Betting on carnival raises stakes

10 November 2011

Written by: Erdem Koc

Is it really over?

Like a springtime fling with a fire that burnt too bright, it’s time to go our separate ways. After an intense month in the mainstream limelight, it’s time for horse racing to resume its status quo as an afterthought in the mainstream sporting scope.

Filling the gap between the conclusion of the primary football codes and the beginning of the ‘Summer of Cricket’, the Spring Carnival has transformed into something of a Melbourne tradition.

We embrace it with open arms, become ‘experts’ for the four-week period, study form guides trying to find that ever-elusive ‘roughie’, and gravitate towards that one acquaintance that claims to have inside knowledge of the industry.

But as the majority of seasonal punters put the fascinators and frocks away for another 11 months, I’m not quite ready to allow racing to ride off into the sunset this time.

Recent events have thrust the impact that gambling has on the sporting world.

The AFL endured two betting scandals during the 2011 season, the NBA is still recovering from the Tim Donaghy scandal (Donaghy was jailed for fixing games that he officiated on 2008), and most recently the cricket world was rocked by the match-fixing revelations and subsequent incarcerations of three Pakistani players.

These examples are just a handful of the litany of blots on professional sports copybook, derived from some sort of betting derived scandal.\

Unchecked and outlandish sports betting has the potential to become the scourge of the sporting world. It opens the door for corruption to creep into an arena, that many fans revere due to its sense of purity.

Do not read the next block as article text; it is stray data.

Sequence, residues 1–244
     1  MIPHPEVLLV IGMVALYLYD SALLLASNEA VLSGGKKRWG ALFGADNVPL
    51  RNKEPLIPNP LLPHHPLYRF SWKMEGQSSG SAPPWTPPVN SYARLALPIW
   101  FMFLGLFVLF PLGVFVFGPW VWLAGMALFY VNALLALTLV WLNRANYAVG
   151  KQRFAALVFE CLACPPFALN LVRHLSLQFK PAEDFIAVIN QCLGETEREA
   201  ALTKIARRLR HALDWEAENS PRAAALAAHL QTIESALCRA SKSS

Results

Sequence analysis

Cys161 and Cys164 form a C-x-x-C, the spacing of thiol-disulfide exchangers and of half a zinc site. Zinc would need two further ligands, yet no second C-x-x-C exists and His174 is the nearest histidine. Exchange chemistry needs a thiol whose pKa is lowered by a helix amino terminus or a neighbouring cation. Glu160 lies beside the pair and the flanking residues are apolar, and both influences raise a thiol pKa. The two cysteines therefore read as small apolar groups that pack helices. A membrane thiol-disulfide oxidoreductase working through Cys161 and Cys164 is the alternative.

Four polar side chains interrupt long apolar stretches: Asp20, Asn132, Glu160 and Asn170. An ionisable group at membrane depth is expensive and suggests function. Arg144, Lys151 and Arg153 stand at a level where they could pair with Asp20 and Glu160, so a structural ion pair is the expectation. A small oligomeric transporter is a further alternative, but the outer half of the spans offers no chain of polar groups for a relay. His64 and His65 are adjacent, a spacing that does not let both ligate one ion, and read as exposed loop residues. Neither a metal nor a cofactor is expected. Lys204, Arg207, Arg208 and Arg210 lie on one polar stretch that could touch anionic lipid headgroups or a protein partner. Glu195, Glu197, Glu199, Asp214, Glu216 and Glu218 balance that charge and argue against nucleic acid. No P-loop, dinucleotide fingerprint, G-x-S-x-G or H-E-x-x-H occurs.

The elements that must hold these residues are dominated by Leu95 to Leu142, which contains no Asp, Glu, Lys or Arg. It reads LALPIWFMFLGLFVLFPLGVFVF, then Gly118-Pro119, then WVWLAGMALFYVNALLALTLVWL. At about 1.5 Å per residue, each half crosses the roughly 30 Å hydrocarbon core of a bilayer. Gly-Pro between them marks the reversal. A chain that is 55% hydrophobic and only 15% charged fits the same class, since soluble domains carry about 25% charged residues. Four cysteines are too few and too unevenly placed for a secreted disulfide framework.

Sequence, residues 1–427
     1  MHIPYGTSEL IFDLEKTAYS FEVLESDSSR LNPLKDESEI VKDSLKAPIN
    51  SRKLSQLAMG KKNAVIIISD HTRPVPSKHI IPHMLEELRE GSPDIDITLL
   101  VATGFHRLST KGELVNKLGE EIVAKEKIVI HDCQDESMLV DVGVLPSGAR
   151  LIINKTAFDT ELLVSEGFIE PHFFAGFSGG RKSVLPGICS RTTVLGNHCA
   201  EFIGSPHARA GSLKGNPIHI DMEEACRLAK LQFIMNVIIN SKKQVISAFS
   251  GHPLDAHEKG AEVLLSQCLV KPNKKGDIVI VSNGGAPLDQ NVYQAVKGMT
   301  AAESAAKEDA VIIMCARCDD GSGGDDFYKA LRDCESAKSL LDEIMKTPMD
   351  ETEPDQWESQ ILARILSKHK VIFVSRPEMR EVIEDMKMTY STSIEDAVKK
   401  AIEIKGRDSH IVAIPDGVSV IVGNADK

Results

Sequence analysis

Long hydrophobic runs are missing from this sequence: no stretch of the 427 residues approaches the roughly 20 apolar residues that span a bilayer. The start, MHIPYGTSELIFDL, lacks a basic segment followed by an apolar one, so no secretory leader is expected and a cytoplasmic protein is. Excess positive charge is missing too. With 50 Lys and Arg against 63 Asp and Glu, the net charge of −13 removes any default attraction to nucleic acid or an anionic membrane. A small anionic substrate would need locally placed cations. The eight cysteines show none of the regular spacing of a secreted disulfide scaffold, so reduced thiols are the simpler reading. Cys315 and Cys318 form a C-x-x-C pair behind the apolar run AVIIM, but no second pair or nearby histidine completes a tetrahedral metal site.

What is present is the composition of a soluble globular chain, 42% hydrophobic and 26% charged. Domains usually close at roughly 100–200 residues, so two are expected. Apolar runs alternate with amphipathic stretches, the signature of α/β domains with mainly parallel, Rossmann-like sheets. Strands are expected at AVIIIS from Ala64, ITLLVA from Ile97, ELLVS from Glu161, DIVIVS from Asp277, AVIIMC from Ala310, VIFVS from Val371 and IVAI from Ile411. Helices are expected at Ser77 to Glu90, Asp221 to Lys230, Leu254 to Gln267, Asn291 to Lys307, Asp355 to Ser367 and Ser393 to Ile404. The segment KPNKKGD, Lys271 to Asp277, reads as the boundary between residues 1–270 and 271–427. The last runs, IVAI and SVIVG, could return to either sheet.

Now, this isn’t a ‘holier than thou’ critique of the presence of betting in sports. I – like many other sports fans – occasionally fall victim to the lure of betting. The figures are hardly astronomical; normally a bet would be nothing more than a ten-dollar ‘multi’, trying to successfully predict the outcome of a combination of matches.

In this instance, I don’t see a problem with that sort of betting.  Ten dollars a week or fortnight is hardly an amount that could bankrupt me, or lead to widespread corruption. Mainly, it is nothing more than a way to add a little extra intrigue.

I would still watch those sports without betting, but more importantly, they would still exist and function in the absence of ‘casual betting’ like mine.

In contrast, horse racing would not.

The racing industry is predominantly built upon gambling. ‘Form guides’ provide the odds of all races, promoting the betting element of the sport, rather than an update of the actual events. In a sport where so very few horses are able to capture the audience, and generate a following for an extended time period, traditionally allegiances don’t exist.

Fans go the football to support their team, cheer on heroes, and maybe put a bet on.  The majority of racing fans on the other hand – especially the bandwagon race-goers around carnival time – go the races to bet.

Now, before being besieged by an impassioned group of racing fans talking about the purity of ‘the sport of kings’, consider the fact that gambling extends to the upper echelons of racing. There’s arguably no bigger risk in racing than outlaying excessive figures to purchase a horse, hoping that it races well and returns a dividend.

From the top down, gambling and its residual affects are the lifeblood of the racing industry; it’s the grease that keeps the wheels turning over. Tabcorp – the leading betting agency in Australia – recorded a net profit of $534.8 million for the 2010-11 financial year. That was an increase of 14 per cent from the previous year. To put that figure into context, it is almost half of the money paid to the AFL in its new television rights deal.

The rest of the sporting fraternity – and the Australian government through its proposed pokies reform – is battling to try and control an industry undergoing exponential growth.

Meanwhile, racing continues to openly promote and sustain itself from the gambling trough, filled with the hard earned money of a public, that collectively has less money to spare than at any other point in the past half century.

So you’ll have to forgive this sports fan for not rushing to a dark, cave-like enclosure that is the local TAB when the carnival rolls around in 2012.

Liam Quinn is a first-year Bachelor of Journalism student at La Trobe University.  You can read more of his work on his blog, and follow him on Twitter: @liamquinn23